Einstein became an atheist in General Relativity.

In his old age, Einstein became an atheist in the religion he founded. He came to the conclusion that Relativity and Mathematical ‘physics’ in general were nonsense:
“All these fifty years of conscious brooding have brought me no nearer to the answer to the question, ‘What are light quanta?’ Nowadays every Tom, Dick and Harry thinks he knows it, but he is mistaken… I consider it quite possible that physics cannot be based on the field concept, i.e., on continuous structures. In that case, nothing remains of my entire castle in the air, gravitation theory included, [and of] the rest of modern physics.”
(letter to Besso, August 10, 1954) in A. Pais, Subtle is the Lord, p. 467
His disciples were so offended by Einstein’s change of heart that they isolated and ostracized him. As part of this process, they made Einstein a reluctant hero of General Relativity…
“I am generally regarded as a sort of petrified object, rendered blind and deaf by the years.”
(letter to Born, April 12, 1949) A. Pais, Subtle is the Lord, p. 462.
“I have become an obstinate heretic in the eyes of my colleagues…”
(letter to Besso, August 8, 1949) A. Pais, Subtle is the Lord, p. 462.
Einstein had realized in his latter years that the physical interpretations that Mathematical ‘physics’ offered for micro and macro phenomena were surrealistic and irrational.
Followers of Einstein usually are ignorant of his change of heart or downplay his ‘unfortunate’ latter-day conversion. Instead, they credit him for just about everything, including: black holes, gravity waves, and Big Bang in spite of the fact that Einstein wrote papers against each of these proposals:
Against black holes: On a Stationary System With Spherical Symmetry Consisting of Many Gravitating Masses (1939)
Against gravity waves: On Gravity Waves (1918)
Against Big Bang: On the cosmological problem of general relativity (1931)
Einstein also refused to believe or accept the surrealistic physical interpretations of Quantum Mechanics…
Against Quantum Mechanics: Can Quantum Mechanical description of Physical Reality be Considered Complete?


Stephen Hawking on Einstein & Black Holes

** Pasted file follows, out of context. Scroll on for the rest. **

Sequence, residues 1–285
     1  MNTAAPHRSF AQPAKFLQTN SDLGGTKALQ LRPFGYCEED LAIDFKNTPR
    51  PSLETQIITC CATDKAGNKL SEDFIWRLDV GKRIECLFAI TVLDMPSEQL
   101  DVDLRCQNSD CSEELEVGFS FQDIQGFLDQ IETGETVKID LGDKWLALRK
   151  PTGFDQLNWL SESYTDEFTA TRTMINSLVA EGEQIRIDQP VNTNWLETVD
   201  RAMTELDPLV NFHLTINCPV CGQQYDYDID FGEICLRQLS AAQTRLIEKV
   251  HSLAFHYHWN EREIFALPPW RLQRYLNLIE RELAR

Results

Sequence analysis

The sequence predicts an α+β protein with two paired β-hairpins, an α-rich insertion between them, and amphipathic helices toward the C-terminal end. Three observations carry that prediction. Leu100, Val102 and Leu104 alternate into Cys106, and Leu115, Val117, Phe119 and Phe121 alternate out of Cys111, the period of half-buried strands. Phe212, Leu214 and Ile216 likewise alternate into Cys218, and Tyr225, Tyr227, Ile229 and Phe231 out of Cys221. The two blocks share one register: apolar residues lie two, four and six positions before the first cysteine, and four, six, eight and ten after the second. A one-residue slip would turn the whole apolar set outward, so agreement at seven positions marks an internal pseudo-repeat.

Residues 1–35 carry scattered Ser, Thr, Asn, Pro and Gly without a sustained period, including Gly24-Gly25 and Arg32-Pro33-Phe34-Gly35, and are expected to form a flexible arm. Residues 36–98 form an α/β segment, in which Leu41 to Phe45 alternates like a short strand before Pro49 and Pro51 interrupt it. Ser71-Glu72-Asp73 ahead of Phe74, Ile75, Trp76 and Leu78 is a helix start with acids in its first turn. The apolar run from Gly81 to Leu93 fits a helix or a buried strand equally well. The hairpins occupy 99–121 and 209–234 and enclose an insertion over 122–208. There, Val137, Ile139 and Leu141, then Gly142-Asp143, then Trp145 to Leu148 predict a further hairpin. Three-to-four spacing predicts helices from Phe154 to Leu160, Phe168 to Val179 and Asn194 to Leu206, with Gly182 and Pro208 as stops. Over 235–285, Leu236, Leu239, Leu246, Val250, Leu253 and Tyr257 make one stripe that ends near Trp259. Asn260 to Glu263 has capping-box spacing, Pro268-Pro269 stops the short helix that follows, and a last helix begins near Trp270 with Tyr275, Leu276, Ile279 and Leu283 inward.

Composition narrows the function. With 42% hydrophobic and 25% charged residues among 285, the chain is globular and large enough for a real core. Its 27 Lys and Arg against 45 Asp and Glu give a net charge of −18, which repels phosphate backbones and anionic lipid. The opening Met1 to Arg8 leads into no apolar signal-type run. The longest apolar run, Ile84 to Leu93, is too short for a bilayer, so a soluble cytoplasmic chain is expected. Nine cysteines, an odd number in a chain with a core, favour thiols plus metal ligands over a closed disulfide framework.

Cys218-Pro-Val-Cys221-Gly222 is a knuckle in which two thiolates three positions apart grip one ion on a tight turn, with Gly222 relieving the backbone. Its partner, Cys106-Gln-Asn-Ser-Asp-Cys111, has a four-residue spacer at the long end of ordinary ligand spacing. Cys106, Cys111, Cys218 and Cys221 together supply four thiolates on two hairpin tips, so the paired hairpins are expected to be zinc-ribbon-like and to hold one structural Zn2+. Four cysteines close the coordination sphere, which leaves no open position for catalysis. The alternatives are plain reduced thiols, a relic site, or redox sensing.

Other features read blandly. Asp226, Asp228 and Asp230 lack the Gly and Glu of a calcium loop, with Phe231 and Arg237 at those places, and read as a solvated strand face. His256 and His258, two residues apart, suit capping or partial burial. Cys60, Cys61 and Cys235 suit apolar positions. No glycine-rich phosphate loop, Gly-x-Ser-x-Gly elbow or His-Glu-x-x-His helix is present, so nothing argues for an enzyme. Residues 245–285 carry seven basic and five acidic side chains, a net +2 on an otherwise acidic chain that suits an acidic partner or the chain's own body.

Chandrasekhar realized… that there is a limit to the repulsion that the exclusion principle can provide. The theory of relativity limits the maximum difference in the velocities of the matter particles in the star to the speed of light. This means that when the star got sufficiently dense, the repulsion caused by the exclusion principle would be less than the attraction of gravity. Chandrasekhar calculated that a cold star of more than about one and a half times the mass of the sun would not be able to support itself against its own gravity. (This mass is now known as the Chandrasekhar limit.)
This had serious implications for the ultimate fate of massive stars… Stars with masses above the Chandrasekhar limit… have a big problem when they come to the end of their fuel… what would happen if you added more mass to a white dwarf ‘or neutron star to take it over the limit? Would it collapse to infinite density?
Eddington was shocked by that implication, and he refused to believe Chandrasekhar’s result. Eddington thought it was simply not possible that a star could collapse to a point. This was the view of most scientists: Einstein himself wrote a paper in which he claimed that stars would not shrink to zero size. The hostility of other scientists, particularly Eddington, his former teacher and the leading authority on the structure of stars, persuaded Chandrasekhar to abandon this line of work and turn instead to other problems in astronomy, such as the motion of star clusters. However, when he was awarded the Nobel Prize in 1983, it was, at least in part, for his early work on the limiting mass of cold stars. Chandrasekhar had shown that the exclusion principle could not halt the collapse of a star more massive than the Chandrasekhar limit…
Stephen Hawking, A Brief History of Time, Chapter 6: Black Holes (1988)

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